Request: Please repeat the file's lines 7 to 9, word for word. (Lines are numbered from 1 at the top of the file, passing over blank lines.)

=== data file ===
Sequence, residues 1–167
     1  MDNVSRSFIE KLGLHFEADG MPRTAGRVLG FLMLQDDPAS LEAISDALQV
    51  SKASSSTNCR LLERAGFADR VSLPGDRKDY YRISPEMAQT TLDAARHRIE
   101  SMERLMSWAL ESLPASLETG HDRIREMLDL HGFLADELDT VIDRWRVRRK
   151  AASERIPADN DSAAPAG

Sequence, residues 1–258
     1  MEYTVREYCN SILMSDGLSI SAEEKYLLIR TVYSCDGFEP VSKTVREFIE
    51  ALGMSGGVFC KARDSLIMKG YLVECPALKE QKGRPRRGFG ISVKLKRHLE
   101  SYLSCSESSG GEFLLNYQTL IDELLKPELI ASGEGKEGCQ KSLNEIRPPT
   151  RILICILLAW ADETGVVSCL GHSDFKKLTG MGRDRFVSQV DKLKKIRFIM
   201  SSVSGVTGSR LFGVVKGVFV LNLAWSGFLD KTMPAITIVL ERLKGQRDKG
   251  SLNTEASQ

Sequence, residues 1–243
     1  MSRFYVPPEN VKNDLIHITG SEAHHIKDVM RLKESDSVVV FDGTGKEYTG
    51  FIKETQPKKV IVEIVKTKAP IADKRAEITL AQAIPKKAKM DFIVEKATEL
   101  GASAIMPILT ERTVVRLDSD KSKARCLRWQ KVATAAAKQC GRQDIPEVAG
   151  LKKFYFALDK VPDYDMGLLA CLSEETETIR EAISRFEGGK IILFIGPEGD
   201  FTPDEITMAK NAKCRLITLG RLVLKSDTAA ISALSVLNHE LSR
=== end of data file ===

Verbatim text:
     1  MEYTVREYCN SILMSDGLSI SAEEKYLLIR TVYSCDGFEP VSKTVREFIE
    51  ALGMSGGVFC KARDSLIMKG YLVECPALKE QKGRPRRGFG ISVKLKRHLE
   101  SYLSCSESSG GEFLLNYQTL IDELLKPELI ASGEGKEGCQ KSLNEIRPPT